Remedies: structure

Structural problems in 1940s-60s houses may include undersized framing, inadequate bracing, and unsafe chimneys.

Survey the building

Any renovation work should begin with a detailed survey of the building structure. If there is any evidence of structural defects a structural engineer may need to be engaged to:

  • assess the existing condition of the building such as undersized framing, chimney instability, wall removal, excavations, suspect ground conditions
  • identify the causes (and remedies) for structural damage to the building
  • assess loadings on the building, particularly where an upstairs addition is proposed
  • advise on the condition of the foundations and roof
  • advise on strengthening and bracing measures required
  • determine the spacing of framing members used.

Also see foundations and subfloors and moisture and weathertightness.

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Inadequate framing or bracing

If there is evidence of undersized framing or inadequate bracing, particularly due to the removal or modification of loadbearing walls, options include:

  • install beams where walls have been or are to be removed – these may be concealed in the roof space
  • provide additional support to rafters by installing strongbacks supported on load-bearing walls 
  • install a flitch plate to the existing beam or support
  • install additional foundation support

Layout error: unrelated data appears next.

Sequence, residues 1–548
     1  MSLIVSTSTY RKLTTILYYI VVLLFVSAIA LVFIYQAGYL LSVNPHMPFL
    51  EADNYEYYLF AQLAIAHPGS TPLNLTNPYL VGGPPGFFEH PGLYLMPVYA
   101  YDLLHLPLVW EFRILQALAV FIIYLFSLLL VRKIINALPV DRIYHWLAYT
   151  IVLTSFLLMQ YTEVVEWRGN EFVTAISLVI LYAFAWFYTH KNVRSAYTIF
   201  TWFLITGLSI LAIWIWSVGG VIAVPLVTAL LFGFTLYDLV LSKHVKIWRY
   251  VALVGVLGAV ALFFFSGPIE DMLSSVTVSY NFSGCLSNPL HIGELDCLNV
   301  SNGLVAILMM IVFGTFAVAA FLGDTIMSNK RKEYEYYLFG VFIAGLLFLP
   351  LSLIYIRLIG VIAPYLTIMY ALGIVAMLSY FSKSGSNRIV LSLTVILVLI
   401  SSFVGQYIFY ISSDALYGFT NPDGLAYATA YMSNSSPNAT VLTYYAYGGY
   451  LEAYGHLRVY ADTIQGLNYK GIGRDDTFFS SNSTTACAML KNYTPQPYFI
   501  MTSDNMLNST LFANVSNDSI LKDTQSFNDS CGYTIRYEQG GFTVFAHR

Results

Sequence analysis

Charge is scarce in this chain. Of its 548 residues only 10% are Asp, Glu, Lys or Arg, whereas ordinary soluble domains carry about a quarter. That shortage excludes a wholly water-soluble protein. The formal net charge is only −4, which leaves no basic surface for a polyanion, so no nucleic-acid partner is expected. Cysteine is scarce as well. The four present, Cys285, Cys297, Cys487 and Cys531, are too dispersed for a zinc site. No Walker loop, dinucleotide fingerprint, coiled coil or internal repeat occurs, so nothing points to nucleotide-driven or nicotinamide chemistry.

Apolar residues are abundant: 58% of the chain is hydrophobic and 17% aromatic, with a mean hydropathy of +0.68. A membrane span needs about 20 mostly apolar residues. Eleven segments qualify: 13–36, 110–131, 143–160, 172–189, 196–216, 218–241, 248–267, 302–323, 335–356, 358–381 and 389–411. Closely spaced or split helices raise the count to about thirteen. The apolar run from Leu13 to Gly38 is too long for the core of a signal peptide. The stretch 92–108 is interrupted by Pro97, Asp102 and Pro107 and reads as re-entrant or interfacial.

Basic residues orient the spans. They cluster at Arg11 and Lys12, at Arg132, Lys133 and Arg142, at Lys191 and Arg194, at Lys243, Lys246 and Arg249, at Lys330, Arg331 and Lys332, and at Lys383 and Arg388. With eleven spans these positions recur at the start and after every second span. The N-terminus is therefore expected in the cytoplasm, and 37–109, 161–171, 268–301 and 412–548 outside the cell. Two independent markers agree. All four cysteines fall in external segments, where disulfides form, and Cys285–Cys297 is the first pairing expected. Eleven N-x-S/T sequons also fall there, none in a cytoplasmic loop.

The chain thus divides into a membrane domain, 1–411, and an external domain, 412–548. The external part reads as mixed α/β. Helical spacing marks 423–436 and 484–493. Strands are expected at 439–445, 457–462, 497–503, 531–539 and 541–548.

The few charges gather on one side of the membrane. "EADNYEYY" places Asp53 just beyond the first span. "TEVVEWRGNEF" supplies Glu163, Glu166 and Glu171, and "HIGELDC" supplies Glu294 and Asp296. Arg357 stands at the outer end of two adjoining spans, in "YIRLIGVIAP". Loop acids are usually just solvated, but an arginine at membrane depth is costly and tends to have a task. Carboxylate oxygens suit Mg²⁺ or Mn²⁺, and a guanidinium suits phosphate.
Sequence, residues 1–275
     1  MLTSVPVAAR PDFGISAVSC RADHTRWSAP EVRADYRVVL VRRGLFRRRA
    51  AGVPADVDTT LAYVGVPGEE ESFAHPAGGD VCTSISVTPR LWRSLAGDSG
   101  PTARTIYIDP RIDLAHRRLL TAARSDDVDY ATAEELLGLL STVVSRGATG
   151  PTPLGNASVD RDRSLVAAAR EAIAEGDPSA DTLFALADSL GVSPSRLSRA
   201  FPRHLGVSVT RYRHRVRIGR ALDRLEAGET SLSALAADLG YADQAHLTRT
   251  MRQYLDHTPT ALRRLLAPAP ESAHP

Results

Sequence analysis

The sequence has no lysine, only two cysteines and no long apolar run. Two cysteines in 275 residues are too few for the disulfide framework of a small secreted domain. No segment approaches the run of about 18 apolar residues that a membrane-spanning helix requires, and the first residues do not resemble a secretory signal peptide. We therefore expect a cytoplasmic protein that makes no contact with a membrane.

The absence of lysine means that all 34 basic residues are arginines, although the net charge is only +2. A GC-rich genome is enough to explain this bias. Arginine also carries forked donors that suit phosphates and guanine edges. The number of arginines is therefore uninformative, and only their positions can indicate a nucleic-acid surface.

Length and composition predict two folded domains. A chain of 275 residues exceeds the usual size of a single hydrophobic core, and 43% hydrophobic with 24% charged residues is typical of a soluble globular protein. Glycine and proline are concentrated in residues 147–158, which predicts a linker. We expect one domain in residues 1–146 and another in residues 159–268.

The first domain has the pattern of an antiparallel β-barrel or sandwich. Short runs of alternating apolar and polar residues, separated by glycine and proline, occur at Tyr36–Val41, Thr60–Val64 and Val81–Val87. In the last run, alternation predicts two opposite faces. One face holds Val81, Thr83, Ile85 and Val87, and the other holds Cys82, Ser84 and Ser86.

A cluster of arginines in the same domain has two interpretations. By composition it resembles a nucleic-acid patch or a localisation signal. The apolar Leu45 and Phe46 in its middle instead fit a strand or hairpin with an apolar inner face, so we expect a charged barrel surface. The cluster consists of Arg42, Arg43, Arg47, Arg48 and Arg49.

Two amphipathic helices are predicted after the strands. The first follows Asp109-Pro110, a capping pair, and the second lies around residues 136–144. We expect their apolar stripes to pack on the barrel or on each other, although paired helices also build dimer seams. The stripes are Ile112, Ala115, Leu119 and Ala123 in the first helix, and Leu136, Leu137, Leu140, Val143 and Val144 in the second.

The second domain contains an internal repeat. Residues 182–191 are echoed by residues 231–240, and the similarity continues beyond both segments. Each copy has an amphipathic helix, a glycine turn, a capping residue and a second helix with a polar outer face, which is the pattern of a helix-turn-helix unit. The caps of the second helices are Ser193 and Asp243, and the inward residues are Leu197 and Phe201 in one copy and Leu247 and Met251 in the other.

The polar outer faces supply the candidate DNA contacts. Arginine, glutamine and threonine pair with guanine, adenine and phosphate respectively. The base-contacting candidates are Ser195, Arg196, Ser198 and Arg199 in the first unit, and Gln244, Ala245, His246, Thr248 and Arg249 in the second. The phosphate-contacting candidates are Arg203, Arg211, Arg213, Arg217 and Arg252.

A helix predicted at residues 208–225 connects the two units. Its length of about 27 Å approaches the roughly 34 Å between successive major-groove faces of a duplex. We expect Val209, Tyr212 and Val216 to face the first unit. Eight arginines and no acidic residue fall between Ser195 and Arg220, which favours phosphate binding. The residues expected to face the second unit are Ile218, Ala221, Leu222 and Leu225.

• add new wall, floor or roof framing between existing framing.

Where the structure has been modified by the removal of an internal wall or by installing a larger window this may have affected the amount of bracing provided. Bracing requirements for houses of this period were also less than that required now.

Retrofitting bracing to resist earthquakes is a good thing to do. BRANZ has a bulletin outlining how to upgrade piled foundations. BRANZ research has also confirmed the effectiveness of simple retrofit solutions to strengthen foundations of existing houses on sloping hillsides.

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Unsafe chimneys

As part of a renovation project, the condition of chimneys should be assessed to ensure that they are structurally sound (brick and mortar condition, absence of cracks and so on) (Figure 1).

Removal of a building element such as an unsound chimney does not require a building consent. This exemption is limited to any building up to 3 storeys high as long as the removal does not affect the primary structure, any specified system or any fire separation (which includes firewalls protecting other property). 

Any repair work that is necessary – for example, making good the gaps left in a roof after chimney removal – can also be done without a consent.

Clearances between any timber framing and the chimney or flue need to be checked. Modification will be required where there is insufficient clearance.